So, you are saying that if Apple uses 2 DIMMs clocked in parallel to get more bandwidth it's "fast and good", but if IBM uses 4 DIMMs to get twice the bandwidth of Apple it's "outdated and slow".

There are no memory banks, it's a flat 36-bit (64 GiB) memory space - it is not segmented.


I disagree the xeon has a 400/533MHz FSB its bottlenecked anyway plus you have to share that between 4 CPUS hence only 133MHz each, not very good is it. All that bandwidth your on about isnt utilised. This doesnt apply to 64-bit machines as there address space isnt limited to 4GB.

army_guy
Feb 28, 2004, 07:58 AM
Water is conductive?

Be more specific?

You dont use tap water in a liquid cooled computer, at the very least you use distilled water but preferably de-ionised water hence non-conductive. However the water WILL become conductive over time due to it being in contact the copper/alluminium hence the coolant must be changed every 4-6 months, I do this via "hot swap the coolant" very easy to do assuming your using appropriate fittings.

AidenShaw
Feb 28, 2004, 10:15 AM
Originally posted by army_guy
I disagree the xeon has a 400/533MHz FSB its bottlenecked anyway plus you have to share that between 4 CPUS hence only 133MHz each, not very good is it.

All the more reason to have wider memory paths to the north bridge....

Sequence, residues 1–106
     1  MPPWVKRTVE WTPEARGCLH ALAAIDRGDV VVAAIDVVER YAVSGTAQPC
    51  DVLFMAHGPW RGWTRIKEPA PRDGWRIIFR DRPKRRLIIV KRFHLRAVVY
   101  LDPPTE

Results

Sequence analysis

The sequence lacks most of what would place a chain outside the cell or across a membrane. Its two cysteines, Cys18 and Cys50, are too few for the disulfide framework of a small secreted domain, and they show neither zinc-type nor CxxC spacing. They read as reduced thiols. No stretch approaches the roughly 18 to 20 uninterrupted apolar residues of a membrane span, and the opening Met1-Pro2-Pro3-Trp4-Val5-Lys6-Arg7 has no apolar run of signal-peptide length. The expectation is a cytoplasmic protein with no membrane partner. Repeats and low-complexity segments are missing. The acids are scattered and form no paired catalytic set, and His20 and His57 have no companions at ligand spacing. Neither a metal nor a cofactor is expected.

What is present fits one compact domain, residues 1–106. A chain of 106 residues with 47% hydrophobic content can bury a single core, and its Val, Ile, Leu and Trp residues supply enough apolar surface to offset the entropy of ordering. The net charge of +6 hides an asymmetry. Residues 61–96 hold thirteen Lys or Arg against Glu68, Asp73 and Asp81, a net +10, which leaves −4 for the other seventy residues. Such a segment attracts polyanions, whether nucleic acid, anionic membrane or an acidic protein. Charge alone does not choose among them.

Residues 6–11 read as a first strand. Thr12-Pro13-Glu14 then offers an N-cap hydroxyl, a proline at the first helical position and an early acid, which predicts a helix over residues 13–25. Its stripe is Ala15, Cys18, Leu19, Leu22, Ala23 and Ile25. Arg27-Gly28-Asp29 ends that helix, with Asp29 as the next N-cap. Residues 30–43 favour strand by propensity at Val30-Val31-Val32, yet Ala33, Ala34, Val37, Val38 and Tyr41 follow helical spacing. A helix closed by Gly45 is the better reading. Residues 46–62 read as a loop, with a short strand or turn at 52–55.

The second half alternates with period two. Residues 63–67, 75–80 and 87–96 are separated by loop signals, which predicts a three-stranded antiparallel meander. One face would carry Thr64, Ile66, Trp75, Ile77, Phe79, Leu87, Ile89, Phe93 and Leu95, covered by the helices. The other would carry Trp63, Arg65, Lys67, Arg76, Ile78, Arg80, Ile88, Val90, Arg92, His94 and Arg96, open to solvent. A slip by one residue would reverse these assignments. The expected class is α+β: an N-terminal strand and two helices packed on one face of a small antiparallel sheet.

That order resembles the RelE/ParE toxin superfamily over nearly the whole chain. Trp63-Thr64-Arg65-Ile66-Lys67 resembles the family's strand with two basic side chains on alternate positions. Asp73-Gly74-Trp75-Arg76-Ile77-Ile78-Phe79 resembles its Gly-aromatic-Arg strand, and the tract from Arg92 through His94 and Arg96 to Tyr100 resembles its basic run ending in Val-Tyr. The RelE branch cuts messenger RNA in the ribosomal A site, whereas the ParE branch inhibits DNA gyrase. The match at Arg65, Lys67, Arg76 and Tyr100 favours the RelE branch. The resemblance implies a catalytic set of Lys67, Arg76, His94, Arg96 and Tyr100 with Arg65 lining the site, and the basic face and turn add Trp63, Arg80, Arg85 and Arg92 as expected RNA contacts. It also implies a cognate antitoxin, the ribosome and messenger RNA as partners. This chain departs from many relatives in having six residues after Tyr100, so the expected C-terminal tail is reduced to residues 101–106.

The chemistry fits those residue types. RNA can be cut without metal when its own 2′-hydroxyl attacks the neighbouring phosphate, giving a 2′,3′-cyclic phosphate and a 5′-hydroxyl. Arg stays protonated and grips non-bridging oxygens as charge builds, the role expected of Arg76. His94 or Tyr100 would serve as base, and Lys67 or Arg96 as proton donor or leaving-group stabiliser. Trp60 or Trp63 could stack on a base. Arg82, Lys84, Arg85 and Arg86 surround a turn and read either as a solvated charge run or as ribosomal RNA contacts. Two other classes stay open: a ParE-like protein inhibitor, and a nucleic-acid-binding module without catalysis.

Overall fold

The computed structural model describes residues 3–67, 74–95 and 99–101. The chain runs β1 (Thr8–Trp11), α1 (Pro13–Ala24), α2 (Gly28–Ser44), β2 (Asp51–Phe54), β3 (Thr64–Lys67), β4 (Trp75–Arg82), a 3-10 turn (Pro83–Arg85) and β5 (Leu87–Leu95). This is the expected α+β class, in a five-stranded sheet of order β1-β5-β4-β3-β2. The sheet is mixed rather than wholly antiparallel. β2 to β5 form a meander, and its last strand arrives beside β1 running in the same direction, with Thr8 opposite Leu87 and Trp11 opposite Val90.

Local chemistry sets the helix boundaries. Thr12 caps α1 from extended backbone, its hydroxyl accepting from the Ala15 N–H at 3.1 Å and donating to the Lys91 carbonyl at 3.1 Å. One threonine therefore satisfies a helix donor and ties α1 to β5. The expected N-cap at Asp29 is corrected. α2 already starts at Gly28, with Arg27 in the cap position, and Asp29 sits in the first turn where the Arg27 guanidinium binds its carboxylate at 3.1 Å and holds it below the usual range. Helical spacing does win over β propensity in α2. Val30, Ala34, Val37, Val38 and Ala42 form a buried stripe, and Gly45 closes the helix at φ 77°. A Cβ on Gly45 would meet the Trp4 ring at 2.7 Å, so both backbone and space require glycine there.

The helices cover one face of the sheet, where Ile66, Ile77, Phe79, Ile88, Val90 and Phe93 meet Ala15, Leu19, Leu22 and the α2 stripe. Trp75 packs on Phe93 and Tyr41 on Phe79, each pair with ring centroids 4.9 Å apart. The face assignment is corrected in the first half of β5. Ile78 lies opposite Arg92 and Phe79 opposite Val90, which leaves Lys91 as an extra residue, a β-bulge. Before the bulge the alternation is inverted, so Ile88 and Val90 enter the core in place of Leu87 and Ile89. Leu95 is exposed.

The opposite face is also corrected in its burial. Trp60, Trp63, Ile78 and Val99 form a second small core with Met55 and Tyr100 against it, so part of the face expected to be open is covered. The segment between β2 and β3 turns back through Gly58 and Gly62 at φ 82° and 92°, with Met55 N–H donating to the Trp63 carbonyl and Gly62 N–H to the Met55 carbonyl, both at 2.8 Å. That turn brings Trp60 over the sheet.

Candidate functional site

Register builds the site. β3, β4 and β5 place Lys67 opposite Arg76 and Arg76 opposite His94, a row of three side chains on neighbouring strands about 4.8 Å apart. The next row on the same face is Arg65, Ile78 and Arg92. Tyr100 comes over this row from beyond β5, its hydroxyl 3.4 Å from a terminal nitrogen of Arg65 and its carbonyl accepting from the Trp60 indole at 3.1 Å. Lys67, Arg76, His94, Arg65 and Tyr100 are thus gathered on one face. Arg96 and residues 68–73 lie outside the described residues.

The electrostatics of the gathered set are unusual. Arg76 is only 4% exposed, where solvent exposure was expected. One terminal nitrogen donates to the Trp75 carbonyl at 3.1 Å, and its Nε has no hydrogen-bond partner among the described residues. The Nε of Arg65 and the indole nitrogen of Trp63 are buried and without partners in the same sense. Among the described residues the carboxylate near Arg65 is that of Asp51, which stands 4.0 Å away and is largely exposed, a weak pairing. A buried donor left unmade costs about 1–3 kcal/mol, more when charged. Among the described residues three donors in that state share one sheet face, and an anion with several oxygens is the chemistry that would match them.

And, how does the architecture of Apple's quad PPC970 compare to the Xeon MP systems?

And what about DMA I/O transfers? Those use bandwidth across the north bridge, but never go across the FSB to the CPU. In a server, I/O bandwidth is often as important as CPU speed.


This doesnt apply to 64-bit machines as there address space isnt limited to 4GB.

Boy, you are confused here....

What does address space have to do with bus speeds, bus width and bandwidth?

Nothing at all.... You're just trying to create another 64-bit myth.

Oh, BTW, the PPC970 isn't even a 64-bit chip in this context.

It's a 42-bit chip, compared to the Pentium 4/Xeon at 36-bits. (The later Moto G4 chips are also 36-bit chips.)

The Pentium4/Xeon support 64 GiB of RAM, they are not limited to 4 GiB.

legion
Feb 28, 2004, 01:51 PM
Thanks Aiden... I was about to post the same reply.

army_guy,